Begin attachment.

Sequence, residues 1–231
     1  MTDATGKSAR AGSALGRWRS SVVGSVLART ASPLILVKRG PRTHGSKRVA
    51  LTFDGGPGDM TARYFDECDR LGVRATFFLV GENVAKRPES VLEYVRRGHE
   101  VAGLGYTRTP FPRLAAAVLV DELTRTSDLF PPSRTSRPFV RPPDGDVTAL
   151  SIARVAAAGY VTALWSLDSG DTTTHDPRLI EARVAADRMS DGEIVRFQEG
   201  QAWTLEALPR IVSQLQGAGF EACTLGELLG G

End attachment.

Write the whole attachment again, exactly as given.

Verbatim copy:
Sequence, residues 1–231
     1  MTDATGKSAR AGSALGRWRS SVVGSVLART ASPLILVKRG PRTHGSKRVA
    51  LTFDGGPGDM TARYFDECDR LGVRATFFLV GENVAKRPES VLEYVRRGHE
   101  VAGLGYTRTP FPRLAAAVLV DELTRTSDLF PPSRTSRPFV RPPDGDVTAL
   151  SIARVAAAGY VTALWSLDSG DTTTHDPRLI EARVAADRMS DGEIVRFQEG
   201  QAWTLEALPR IVSQLQGAGF EACTLGELLG G